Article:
TEMPLE MOUNT WATCH: Amid Temple Mount tumult, the who, what and why of its Waqf rulers. Jordan lost control of Jerusalem in 1967, but is now at the heart of a crisis that threatens to plunge the city into violence (Dov Lieber, Times of Israel). The Waqf has come up frequently in PaleoJudaica posts about the Temple Mount. Readers may find this article interesting. It explains what a waqf is, gives the background of the one that administers the Temple Mount, and explains what the arrangement has been. The recent terrorist attack just outside the site has thrown the longstanding status quo into turmoil.

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Biblical kings and gigantic wine bottles

PHILOLOGOS: Why Are Extremely Large Wine Bottles Named after Biblical Kings? The convoluted story of jeroboams, rehoboams, methuselahs, and more (Mosaic Magazine).
Ours is not a Bible-reading age. Ask the average American what the names Jeroboam, Rehoboam, Nebuchadnezzar, and Shalmaneser have in common and he is more likely to guess that all belong to rock bands than that they belong to biblical kings. And even though ours is a wine-drinking age, how many of those who know the right answer would know that there is a second answer, too: namely, that these same names also denote different sizes of wine bottles?

[...]
This makes me think of the song The Mesopotamians by They Might Be Giants. Also, for some reason it really pleases me that the largest bottle of wine (30 liters!) is called a "melchizedek."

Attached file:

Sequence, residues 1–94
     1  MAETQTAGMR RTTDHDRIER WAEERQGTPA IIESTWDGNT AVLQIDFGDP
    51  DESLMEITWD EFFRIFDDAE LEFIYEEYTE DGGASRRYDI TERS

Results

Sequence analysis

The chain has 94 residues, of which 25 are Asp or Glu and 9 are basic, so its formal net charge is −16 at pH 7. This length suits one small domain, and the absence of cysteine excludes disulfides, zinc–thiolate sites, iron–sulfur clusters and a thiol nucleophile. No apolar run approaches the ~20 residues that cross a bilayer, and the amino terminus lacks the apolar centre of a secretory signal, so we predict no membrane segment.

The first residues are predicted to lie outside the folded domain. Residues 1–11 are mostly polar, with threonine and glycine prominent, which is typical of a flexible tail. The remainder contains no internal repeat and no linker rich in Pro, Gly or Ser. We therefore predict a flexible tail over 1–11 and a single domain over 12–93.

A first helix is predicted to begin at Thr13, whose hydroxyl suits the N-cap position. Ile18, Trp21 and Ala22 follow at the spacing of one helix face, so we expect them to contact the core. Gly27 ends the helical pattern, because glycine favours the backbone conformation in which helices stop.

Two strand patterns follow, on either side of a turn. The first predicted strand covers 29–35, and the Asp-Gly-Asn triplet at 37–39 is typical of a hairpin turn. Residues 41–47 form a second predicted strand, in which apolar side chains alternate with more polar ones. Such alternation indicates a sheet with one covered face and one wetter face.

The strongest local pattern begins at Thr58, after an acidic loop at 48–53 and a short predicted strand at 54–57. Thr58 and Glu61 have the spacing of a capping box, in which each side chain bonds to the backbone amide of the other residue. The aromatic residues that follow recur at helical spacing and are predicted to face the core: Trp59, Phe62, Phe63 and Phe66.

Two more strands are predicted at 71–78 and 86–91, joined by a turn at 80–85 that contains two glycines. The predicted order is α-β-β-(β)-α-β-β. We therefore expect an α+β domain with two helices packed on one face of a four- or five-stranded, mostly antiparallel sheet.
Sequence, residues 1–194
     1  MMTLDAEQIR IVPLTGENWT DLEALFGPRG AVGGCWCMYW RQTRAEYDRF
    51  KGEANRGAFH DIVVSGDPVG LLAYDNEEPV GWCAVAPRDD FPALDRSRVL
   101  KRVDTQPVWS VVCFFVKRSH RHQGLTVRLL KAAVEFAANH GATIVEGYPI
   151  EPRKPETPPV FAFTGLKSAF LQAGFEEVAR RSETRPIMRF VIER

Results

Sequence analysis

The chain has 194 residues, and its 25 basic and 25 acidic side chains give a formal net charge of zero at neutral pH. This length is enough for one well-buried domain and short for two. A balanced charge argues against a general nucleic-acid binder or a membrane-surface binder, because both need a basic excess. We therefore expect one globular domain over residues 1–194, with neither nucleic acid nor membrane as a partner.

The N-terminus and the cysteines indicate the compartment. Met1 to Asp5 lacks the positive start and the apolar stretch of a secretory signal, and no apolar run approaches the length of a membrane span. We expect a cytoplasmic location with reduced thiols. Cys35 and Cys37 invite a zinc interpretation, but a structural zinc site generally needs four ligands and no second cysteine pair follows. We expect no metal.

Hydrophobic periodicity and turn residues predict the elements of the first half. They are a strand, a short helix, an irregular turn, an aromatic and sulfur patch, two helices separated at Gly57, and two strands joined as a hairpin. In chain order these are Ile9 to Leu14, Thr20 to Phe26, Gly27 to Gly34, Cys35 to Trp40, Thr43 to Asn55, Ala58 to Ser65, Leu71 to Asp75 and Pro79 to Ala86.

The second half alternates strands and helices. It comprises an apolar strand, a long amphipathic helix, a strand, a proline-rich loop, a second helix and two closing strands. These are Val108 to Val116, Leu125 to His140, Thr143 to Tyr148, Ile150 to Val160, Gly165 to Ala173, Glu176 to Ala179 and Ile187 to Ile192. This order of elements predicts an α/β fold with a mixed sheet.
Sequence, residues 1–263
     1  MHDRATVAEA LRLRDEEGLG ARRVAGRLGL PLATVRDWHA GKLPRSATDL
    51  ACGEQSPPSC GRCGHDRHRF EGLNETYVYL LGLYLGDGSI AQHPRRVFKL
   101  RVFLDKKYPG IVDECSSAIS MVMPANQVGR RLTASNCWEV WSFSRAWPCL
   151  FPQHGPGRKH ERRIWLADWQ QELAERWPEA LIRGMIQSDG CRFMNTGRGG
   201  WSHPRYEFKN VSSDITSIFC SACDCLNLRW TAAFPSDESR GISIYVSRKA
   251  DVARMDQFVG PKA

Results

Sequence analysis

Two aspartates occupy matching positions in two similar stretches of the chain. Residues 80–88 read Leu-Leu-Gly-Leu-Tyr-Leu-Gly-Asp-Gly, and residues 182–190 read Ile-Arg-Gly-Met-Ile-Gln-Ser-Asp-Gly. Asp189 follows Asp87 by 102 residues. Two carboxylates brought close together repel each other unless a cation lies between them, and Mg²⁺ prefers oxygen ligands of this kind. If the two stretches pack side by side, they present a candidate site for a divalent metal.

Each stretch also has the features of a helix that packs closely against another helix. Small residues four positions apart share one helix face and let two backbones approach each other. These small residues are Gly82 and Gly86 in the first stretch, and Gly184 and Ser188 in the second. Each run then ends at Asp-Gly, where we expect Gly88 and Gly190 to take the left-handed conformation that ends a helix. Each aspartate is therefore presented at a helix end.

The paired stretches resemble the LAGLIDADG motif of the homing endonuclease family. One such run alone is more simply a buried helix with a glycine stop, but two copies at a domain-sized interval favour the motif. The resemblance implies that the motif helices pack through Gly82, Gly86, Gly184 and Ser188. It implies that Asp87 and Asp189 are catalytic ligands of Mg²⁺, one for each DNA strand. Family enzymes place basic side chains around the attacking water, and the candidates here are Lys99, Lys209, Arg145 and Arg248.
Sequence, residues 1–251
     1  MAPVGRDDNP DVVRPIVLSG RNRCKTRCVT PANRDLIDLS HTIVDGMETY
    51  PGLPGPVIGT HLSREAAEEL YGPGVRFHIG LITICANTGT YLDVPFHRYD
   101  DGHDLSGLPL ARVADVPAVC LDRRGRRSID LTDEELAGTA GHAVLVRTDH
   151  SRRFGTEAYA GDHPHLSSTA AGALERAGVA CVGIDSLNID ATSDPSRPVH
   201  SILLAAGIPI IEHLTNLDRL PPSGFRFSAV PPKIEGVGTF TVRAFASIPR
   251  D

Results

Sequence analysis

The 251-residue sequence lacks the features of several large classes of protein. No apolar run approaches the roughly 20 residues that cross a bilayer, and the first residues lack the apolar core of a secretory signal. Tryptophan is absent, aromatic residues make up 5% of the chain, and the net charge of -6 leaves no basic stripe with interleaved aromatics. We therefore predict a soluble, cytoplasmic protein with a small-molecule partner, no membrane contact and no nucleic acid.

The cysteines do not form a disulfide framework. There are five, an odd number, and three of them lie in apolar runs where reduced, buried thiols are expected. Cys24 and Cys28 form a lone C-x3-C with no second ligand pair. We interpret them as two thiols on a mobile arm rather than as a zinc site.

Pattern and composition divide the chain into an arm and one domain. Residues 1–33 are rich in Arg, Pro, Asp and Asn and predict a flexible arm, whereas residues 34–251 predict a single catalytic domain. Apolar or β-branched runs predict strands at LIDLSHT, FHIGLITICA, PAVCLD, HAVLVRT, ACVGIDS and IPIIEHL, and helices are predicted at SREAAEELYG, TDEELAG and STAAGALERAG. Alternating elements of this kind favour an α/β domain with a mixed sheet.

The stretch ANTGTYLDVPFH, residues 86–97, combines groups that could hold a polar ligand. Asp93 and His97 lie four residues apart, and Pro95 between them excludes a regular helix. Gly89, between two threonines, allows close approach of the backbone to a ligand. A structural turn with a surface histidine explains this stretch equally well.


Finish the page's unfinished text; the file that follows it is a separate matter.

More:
Be all that as it may, Philologos proposes a very plausible answer to the question in the headline.

Cross-file under Asking the Important Questions.

P.S. Yes, I know that Methuselah was an antediluvian patriarch, not a king, and that Melchior is a postbiblical name for one of Matthew's magi, who are unnamed in the Bible and who aren't called kings. Don't be such a nerd.

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A papyrologist weighs in on the Hobby Lobby settlement etc.

THE FACES AND VOICES BLOG: The Green collection and the Museum of the Bible: 443,000 square meters of mess. Papyrologist Robert Mazza shares her expert opinion on the Hobby Lobby case and its implications for the Green Collection and the Museum of the Bible. And in a more recent post she follows up the story with some related news: Green papyri: Egypt steps in.

Dr. Mazza is Lecturer in Classics and Ancient History at the University of Manchester and is currently a Research Fellow at the Rylands Library.